INFORMATION SHARING SYSTEM
Information systems are both technical and social in nature. Managers must understand the relationship between the technical components of an information system and the structure, functions and work culture of. Builders of information systems should consider management objectives and decision-making as well as the impact these systems will have on the well being of the people and society. In this chapter places information systems have to be placed in the context of organizational needs at various levels of management.
II. Information System
An information system can be defined technically as a set of interrelated component that collect (or retrieve), process, store, and distribute information to support decision making and control in an organization. In addition to supporting decision making, coordination, and control, information system may also help managers and workers analyze problems, visualize complex subjects, and create new product.
Information systems contain information about significant people, places and things within the organization or the environment surrounding it. By information we mean data that have been shaped into a form that is meaningful and useful to human beings.
Data, in contrast, are streams or raw facts representing events occurring in organizations or the physical environment before they have been organized and arranged into a form that people can understand and use.
Three activities constitute an information system to meet organizational needs for making decisions, controlling operations, analyzing problems, and creating new product and services. These activities are input, processing and output. - Input captures or collects raw data from within the organization or from its external environment. - Processing converts this raw input into a more meaningful form. - Output transfers the processed information to the people or activities where it will be used.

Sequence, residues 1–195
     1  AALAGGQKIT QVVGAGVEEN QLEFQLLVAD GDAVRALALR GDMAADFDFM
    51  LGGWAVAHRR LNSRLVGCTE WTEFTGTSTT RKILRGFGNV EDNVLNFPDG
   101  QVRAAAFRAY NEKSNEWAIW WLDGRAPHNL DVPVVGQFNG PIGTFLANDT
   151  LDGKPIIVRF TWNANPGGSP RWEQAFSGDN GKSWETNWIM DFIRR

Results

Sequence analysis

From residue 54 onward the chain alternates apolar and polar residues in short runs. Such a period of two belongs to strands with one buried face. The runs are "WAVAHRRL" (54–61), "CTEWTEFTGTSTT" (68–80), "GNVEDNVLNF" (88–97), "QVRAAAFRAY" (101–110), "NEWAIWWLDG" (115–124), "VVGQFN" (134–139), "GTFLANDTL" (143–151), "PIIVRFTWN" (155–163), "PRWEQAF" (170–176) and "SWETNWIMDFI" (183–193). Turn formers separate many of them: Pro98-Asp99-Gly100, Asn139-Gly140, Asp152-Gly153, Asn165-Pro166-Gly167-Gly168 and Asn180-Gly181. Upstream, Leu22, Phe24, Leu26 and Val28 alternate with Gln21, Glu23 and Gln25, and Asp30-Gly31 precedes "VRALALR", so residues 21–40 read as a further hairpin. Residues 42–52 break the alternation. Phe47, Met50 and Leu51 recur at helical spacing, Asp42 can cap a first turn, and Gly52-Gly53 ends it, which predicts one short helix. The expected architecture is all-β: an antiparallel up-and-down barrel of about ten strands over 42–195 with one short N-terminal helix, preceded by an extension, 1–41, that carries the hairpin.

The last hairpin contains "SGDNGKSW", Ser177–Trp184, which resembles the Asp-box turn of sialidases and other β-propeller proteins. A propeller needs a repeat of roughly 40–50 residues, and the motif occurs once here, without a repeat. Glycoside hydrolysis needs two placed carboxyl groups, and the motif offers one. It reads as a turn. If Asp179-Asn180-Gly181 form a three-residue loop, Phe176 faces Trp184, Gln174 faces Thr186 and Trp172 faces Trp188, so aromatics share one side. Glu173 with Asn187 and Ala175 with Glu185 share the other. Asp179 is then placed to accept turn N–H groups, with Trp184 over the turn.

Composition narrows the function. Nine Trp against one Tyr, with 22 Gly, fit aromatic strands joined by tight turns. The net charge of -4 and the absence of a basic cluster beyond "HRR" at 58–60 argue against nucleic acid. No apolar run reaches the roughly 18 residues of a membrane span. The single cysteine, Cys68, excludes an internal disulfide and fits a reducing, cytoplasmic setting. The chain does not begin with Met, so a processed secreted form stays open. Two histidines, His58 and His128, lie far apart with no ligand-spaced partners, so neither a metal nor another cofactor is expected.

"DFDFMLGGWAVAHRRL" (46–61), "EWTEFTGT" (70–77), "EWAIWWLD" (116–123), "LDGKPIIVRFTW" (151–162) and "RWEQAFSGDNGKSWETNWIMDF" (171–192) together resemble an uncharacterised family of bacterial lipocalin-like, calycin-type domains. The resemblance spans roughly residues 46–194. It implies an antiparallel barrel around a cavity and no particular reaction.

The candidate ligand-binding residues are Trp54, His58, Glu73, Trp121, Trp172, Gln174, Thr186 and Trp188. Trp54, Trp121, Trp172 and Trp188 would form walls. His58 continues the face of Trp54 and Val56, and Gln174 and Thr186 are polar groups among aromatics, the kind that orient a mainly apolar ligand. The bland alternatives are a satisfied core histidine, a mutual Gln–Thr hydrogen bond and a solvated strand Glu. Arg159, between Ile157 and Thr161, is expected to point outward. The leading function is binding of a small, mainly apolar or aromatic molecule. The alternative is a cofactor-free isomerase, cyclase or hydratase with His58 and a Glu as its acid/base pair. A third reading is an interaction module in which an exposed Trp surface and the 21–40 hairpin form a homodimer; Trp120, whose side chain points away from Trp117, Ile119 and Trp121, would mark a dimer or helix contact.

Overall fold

Information also requires feedback, which is output that is returned to appropriate members of the organization to help them evaluate effects and impact or track flow of inputs and their transformation into outputs.
Information systems technology is one of many tools available for organizations, for coping with change. Information technology is the glue that holds the organization together. It is the instrument through which management controls and creates, and it is an arrow in the manager’s quiver.
Computer hardware is the physical equipment used for input, processing and output activities in an information system. It consists of the following: the computer processing unit; various input, output and storage devices; and physical media to link these devices together.
Computer software consists of the detailed programmed instruction that control and coordinate work of the computer hardware component in an information system.
Storage technology include both the physical media and storing data, such as magnetic or optical disk or tape, and the software governing the organization of data on these physical media, telecommunication technology, consisting of both physical device and software, links the various pieces of hardware and transfer data from one physical location to another.
IV. The Organization & Information System
Information systems are a part of organizations. The key elements of an organization are its people, structure and operating procedures, politics and culture. An organization coordinates work through a structured hierarchy and formal, standard operating procedure. The hierarchy arrange people in a pyramidal structure of rising authority and responsibility. The upper levels of the hierarchy consist of managerial, professional, and technical employees, while the lower levels consist of operational personnel.
Standard Operating Procedures (SOPs) are formal rules for...